The only other day it didn’t rain in the whole two weeks we stayed at Gora Beach was the day we picked to have Zola’s birthday party, Saturday 21st June. Zola didn’t get a party last year, it was far too hectic: that was the day we moved out of our house in Noordhoek. Although we had a lovely time at the Bluebird Market this time last year africaclockwise.wordpress.com/2013/06/26/thankful-for-small-mercies-and-small-boys/, we felt we owed him one.
Thankfully we’d bought his presents in Accra, and it only took one supermarket trip to get some goodies in. By Friday, I thought I had managed to accrue enough energy for the weekend.
I woke shouting at 6am because cold water was pouring onto my feet. I couldn’t work it out – it wasn’t even raining. It just so happened the angle we were parked at put my corner of the truck at the lowest level and finally a seal had given way, water had leaked through the wire hole in the corner, pooled underneath the plastic bags we’d put our clothes into after the last time it leaked in Nigeria, then come through the storage net under the middle of the cupboard.
By some miracle we were blessed with sunshine that day. There was time to pull the mattress and sheets out and dry everything off before Zola’s surprise, arranged in cahoots with the Three Musketeers. We started by giving him an early birthday present: a brand new football.
Big Reg trundled round to the maquis, and we got everything set up. While Sampson got the sound system down out of the roof box, Ruby and I made Zola’s cake. Zola doesn’t like sweet things and will always choose crisps or chicken over chocolate. This impressive creation was made from two tiers of bulk buy maize puffs, ten packets of cream biscuits, one box of strawberry madeleines and 30 red lollipops:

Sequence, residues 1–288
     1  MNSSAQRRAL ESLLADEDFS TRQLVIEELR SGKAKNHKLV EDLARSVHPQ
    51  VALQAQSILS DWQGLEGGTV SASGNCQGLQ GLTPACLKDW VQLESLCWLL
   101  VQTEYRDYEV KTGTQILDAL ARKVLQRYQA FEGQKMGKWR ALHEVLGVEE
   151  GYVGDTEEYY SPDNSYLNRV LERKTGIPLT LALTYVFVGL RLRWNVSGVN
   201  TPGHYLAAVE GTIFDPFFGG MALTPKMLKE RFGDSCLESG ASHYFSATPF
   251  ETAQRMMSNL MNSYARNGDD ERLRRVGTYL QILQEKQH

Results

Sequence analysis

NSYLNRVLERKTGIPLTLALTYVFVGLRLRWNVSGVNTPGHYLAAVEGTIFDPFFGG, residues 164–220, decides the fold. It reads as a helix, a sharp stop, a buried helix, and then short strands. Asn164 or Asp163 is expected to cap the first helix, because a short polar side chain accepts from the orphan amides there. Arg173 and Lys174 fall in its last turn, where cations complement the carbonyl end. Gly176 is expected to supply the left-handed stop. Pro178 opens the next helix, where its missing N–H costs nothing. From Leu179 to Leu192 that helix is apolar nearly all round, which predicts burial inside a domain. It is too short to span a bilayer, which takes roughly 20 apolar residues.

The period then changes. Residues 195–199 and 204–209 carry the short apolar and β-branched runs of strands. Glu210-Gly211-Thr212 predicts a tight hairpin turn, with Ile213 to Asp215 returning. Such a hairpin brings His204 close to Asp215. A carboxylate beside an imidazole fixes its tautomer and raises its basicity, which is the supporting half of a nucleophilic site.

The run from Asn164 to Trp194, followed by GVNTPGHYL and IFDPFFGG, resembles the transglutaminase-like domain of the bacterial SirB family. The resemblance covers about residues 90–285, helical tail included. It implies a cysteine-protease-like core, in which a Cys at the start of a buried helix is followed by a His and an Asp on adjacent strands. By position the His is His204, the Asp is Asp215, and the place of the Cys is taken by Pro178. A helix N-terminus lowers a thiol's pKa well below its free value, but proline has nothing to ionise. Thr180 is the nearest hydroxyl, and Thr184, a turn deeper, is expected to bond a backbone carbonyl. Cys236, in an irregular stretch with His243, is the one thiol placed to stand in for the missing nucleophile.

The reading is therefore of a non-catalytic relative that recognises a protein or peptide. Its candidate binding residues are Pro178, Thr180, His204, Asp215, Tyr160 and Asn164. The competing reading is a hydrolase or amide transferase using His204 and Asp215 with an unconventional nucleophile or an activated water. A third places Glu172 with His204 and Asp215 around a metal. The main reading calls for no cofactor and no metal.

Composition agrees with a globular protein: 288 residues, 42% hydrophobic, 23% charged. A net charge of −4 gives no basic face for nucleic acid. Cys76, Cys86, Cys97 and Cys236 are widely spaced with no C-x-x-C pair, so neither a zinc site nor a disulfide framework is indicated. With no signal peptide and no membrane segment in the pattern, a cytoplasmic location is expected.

At 4pm the local football team arrived. I’d asked Daniel to invite boys around Zola’s age, but they seemed more 12-17 than 8-12. At first, Zola was totally intimidated, and hung out near his best friend the goalie. But after a while he got more confident and started diving in. I even caught him grinning at occasional nifty moves. When he got kneed in the thigh and had to come off injured he was almost as pleased with his valiant bruise as if he’d scored a goal.
The fulltime score was 1-1 when there was Fanta orange for all and a division of the cake. A spontaneous dance competition, suggested by self-appointed MC Monsieur Sev, was followed by a juggling and magic show by Dad that had everybody roaring. When Zola did his trick with a flourish, well, that just took the cake. The wind was raging, so it wasn’t easy to do fire, but we did it anyway. Sampson did the Walk of Death over maquis boss M. Tepi, who was a most chivalrous host, providing a wonderful ivorien soundtrack of bouncy grooves for the whole show.